Head and Heart

Who or what are the people and elements in the title banner of this blog? From left to right, they are: A.W. Tozer, Augustine of Hippo, J. Gresham Machen, Gerhard Tersteegen, the seal of the Moravian church and Jonathan Edwards. Why were these chosen?

They were not chosen because they represent perfect Christianity. They had their flaws. Edwards was perhaps reclusive as a pastor. Tozer did not examplify all we might hope for in a family man. Augustine believed infant baptism washes away the guilt of Original Sin. The Moravians were occasionally swept up by subjectivism.

Nor were they chosen because they are ‘patron saints’ of conservative Christianity. They were chosen because in their various ways, they embodied what Christians should strive for. Their lives reflected a pursuit of a living, experiential relationship with Christ, not divorced from history or fact, nor operating independently of sound doctrine.

These were men of the Scriptures. For the most part, these men and groups, along with many others throughout church history, represented the coming together of head and heart. For them, it was not an either/or proposition between sound theology and high affections. It was both/and. Indeed, some of them argued that you could not have the one without the other. Sound doctrine enables true and high affections. True and high affections (and this you don’t hear today much) enables sound doctrine.

Modern Christianity has hardly paid attention to the writings of these men, or their calls for head and heart united in pursuit of Christ. We are in the unenviable position of having made affection and doctrine antithetical to each other for so long, that we can no longer see how they relate. We have ignored what Augustine, Edwards and Tozer wrote on the affections, and clumsily try to fit ‘the emotions’ somewhere into the Christian life.

So the church-goer today has to choose between two extremes:

1) The head-oriented, cerebral church which feeds its people the dry oats of discursive doctrine, insisting that this alone is the basis of all else. Affections are secondary, always subordinate and resultant rather than primary and formative. Coldness of heart is common; a mere mental interest in the system of Christian theology passes for piety.

2) You might expect me to say ‘heart-oriented’ for the other extreme, but that would be a mistake. Because the other extreme church-goers get to choose from is not heart-oriented, but belly-oriented. Such churches do not reach the heart of man, that is, his soul, through illuminated Scripture by appealing to the religious imagination. They appeal to the belly, the koilia, the mere appetites and passions of man through various techniques: pseudo-spiritual experiences, mood-music, dynamic and entertaining presentations (including the preaching). The passions are ignited, it feels ‘real’, ‘exciting’, ‘passionate’, but it is a sad substitute – like giving someone a pulse-raising drug to make them feel that life isn’t boring. Here, spiritual realities do not drive true affections; sensual and carnal tricks and techniques just arouse very natural and base responses. Rolland McCune calls it ‘glandular religion’.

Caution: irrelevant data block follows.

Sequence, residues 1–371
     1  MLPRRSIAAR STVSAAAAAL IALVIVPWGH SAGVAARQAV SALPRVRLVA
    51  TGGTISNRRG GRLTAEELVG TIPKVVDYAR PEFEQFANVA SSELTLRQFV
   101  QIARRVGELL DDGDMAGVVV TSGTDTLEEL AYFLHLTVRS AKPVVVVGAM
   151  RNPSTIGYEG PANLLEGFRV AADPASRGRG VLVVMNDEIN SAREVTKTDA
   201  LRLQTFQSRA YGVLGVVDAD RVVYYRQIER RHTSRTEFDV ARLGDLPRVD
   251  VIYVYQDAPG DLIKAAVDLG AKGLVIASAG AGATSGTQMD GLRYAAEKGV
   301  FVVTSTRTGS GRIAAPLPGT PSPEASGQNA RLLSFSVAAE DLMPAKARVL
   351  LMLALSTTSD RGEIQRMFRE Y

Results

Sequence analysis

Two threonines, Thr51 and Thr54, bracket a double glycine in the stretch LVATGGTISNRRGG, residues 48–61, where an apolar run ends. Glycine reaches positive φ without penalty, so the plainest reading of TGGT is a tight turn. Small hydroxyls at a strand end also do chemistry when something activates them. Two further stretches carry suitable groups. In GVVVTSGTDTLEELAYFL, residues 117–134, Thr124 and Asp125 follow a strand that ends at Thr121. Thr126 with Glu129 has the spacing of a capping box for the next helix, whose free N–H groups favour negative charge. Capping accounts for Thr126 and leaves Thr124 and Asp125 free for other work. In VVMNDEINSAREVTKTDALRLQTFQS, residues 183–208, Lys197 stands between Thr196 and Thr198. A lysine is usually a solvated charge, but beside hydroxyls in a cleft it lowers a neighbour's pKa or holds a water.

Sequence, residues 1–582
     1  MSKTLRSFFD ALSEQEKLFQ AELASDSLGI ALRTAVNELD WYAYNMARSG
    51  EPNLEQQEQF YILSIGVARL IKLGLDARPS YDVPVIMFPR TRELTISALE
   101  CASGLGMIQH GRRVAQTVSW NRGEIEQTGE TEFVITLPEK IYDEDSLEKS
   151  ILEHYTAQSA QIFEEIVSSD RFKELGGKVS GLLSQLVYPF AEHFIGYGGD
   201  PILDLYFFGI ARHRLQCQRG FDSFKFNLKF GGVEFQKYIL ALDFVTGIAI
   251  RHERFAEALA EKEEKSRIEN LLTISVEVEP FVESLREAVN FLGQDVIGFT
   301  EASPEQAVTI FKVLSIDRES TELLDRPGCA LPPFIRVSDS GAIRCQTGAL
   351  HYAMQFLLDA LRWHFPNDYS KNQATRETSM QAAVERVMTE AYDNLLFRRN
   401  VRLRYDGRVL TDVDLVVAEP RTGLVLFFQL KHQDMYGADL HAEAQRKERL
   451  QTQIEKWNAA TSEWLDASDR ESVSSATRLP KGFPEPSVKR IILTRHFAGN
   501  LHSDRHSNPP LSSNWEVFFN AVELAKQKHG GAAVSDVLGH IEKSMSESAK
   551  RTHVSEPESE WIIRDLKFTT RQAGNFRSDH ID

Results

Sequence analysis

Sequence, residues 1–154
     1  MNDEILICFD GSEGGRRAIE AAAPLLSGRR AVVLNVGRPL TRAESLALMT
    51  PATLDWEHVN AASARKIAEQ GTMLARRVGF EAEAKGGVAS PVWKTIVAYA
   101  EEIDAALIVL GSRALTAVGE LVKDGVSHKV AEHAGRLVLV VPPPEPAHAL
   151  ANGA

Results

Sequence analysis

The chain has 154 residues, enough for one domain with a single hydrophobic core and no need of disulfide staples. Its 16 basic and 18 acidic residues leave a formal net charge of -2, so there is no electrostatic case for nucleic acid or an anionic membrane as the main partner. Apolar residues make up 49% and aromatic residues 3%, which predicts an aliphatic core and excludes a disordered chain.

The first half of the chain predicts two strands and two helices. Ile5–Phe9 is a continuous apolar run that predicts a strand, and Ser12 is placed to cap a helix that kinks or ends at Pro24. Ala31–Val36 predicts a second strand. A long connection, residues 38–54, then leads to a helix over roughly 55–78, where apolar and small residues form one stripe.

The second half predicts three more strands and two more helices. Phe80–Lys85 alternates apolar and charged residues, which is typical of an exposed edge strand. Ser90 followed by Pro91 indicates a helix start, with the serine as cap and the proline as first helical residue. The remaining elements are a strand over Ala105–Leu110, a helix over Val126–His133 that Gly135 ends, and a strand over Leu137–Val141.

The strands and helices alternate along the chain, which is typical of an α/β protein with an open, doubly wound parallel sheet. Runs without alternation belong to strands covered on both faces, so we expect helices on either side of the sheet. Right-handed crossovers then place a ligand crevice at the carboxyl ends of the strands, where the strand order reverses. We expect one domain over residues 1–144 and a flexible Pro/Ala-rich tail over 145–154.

One side of Christianity today tells us that a sound, biblical, expositional theology will solve our problems, because it will shape all else. They are partly right, but they are blind to the reverse truth: affections shape our understanding of theology and our application of it. Such people think the affections are quite dispensable and cosmetic, and that the faith of our fathers sails in the steel ship HMS Doctrine.

Another side of Christianity tells us that we need to get the passions going one way or another, while they ignore the many shades of ’emotions’, being blind to how some are hostile to the very faith they profess. As long as there is some form or emotion, they feel superior to the ‘dead’ church down the road. Their heated passions lead them deeper and deeper into error, but the ‘reality’ always seems preferable to those ‘cold’ theological egg-heads discussing predestination and textual criticism. For them, as long as the boat’s motor is revving, nothing much else matters.

Granted, this is a generalisation, but it is not entirely unfair or far from the truth.

The men and groups portrayed in this blog’s banner, along with others, tried to start and pastor churches that were heart-oriented. They taught the faith of David, Isaiah, Christ, Paul and John.

Biblical faith drives no wedge between head and heart. That’s why we strive for conservative Christianity. We want to conserve the faith once delivered to the saints. We believe the faith of our fathers teaches that the life of piety is driven by the affections, which are induced by the illumination of sound doctrine. Equally, we know that right behaviour and right affections further shape our understanding of Scripture. Conservatives seek an ongoing ‘symbiotic relationship’ between head and heart, between affections and belief.

Don’t buy the lie that you have to choose between head or heart, light or heat. Do yourself a favour. Read something – anything – written by these men.   Acquaint yourself with historic Christianity.


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